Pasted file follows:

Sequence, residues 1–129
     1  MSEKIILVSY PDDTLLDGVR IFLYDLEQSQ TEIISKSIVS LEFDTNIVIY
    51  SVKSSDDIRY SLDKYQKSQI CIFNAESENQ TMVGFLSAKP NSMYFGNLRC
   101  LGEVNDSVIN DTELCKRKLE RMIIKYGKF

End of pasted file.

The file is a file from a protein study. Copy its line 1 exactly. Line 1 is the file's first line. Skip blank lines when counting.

Sequence, residues 1–129